Piers Plowman: A Hard Row To Hoe, Even With Computers
UVa Alumni News Article, Vol. 82, No. 2, Jan/Feb 1994; Page 20
English professor Hoyt Duggan is using the power of computers to create a "hypertext" of Piers Plowman, a lengthy 14th-century poem by William Langland, a contemporary of Chaucer. Why this particular work?
It's the Mount Everest of textual criticism in English," said the medievalist, rolling his chair back from one of the large computer screens in the Institute for Advanced Technology in the Humanities. "It presents the problems in stark, glaring and interesting forms."
He goes on to explain that there are not one but three versions of the poem, which is written in a Midland dialect of Middle English. Known by the prosaic labels A-Text, B-Text and C-Text, the three versions vary considerably in length and content, ranging from about 2,600 lines to more than 7,000 lines, a result of the poet expanding and revising his work. Moreover, there are 54 surviving manuscripts of the poem, no two of them alike.
The problem is to construct a theory and use the available evidence to attempt to reconstruct each of the three poems as Langland would have written them. That's the challenge," said Mr. Duggan.
Computer technology lends itself nicely to this kind of scholarship. Mr. Duggan can conduct searches of key words and phrases and can make side-by-side comparisons of texts and manuscripts to interpret, as best he can, the author's true intentions. Once completed, the hypertext will contain all three versions of the poem as well as digital images of the manuscripts, summaries of scholarship on the work and notes on problematic passages.
"We want to accompany each text with color facsimiles, hypertextually linked, so if a reader wants to see what the manuscript had to say at Passus 3, line 165, he could click on one key and get a facsimile of that page in the manuscript, click on another and get a glossary of the words in the line, click on another and get the annotations about the critical interpretation of that passage and the history of that interpretation, click on another and get all the variant readings of the manuscripts," Mr. Duggan said. "The user will have at his fingertips everything textually significant that we can put into the archive.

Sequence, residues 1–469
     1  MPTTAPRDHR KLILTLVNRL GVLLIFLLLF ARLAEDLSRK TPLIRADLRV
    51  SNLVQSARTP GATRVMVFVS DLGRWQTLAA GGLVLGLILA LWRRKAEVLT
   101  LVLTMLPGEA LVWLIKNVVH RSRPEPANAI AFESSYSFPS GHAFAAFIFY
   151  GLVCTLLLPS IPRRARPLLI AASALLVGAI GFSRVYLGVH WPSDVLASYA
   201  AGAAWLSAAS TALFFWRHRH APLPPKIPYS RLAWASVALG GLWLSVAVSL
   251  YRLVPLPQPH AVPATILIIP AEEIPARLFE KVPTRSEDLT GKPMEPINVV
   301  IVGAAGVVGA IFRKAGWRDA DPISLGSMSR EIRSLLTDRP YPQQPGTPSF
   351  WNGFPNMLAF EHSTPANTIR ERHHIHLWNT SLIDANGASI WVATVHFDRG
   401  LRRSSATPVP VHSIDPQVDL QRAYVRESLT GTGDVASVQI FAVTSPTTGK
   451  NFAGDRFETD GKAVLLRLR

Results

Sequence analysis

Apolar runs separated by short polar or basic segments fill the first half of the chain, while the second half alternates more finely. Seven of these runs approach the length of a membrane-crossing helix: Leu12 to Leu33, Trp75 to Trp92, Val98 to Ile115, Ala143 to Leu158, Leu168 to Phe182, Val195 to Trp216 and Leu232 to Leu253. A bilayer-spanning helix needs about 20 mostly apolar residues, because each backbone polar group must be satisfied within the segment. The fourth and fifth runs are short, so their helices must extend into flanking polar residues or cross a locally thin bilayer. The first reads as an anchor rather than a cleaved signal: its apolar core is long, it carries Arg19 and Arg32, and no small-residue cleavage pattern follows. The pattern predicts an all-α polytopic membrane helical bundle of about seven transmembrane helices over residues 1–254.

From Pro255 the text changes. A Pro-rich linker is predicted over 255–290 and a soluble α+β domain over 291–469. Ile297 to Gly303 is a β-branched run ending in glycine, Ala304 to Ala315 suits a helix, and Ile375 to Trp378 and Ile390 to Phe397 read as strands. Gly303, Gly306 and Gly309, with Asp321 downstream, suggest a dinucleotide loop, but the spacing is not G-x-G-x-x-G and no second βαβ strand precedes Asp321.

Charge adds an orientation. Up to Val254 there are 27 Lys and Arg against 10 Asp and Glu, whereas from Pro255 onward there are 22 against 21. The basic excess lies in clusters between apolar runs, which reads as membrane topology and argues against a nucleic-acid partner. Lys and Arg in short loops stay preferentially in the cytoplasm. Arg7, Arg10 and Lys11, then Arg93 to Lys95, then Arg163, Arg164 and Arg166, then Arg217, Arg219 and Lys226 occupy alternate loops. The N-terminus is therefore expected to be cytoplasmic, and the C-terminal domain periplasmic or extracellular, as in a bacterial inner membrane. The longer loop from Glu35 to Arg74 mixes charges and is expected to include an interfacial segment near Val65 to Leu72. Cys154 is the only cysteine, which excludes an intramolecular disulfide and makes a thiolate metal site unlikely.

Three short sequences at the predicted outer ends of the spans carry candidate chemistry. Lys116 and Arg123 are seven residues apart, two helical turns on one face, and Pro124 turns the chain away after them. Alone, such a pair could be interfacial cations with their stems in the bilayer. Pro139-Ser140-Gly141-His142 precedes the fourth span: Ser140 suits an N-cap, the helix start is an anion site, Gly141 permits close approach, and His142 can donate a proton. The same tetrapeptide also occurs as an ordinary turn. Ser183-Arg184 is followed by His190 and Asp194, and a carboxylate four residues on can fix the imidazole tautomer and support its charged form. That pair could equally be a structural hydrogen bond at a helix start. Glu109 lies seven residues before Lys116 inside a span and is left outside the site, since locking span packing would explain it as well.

"The poem is considered the greatest work of the Alliterative Revival, which harked back to the poetic devices of Old English verse. Even modern English translations capture this flavor, with lines such as "Bidders and beggars fast about went/With their belly and their bag brimful crammed." Recounting a series of visions, the poem is populated with allegorical characters, among them Piers Plowman, a simple, virtuous man and obviously a Christ figure, who leads the search for truth and salvation.
Admired today for its imaginative power, Piers Plowman was immensely popular in its time, making Langland, like Chaucer, one of the first English poets with a national following, Mr. Duggan observed. He also pointed out that the poem bears historical as well literary importance. Its allegorical treatment of contemporary issues in church and state unintentionally added fuel to the Peasants' Revolt of 1381, when Tyler led his ill-fated insurrection against the repressions of feudalism. Centuries later, leaders of the Reformation in England latched onto the poem as a work of proto-Protestantism.
Curiously, Mr. Duggan has found it difficult to obtain grant support for his project, mainly because few literary scholars now have the tools to work with "hypertexts." That is bound to change.
"Virginia, relatively speaking, is better equipped than places," Mr. Duggan said. "Technology will have to catch up with us."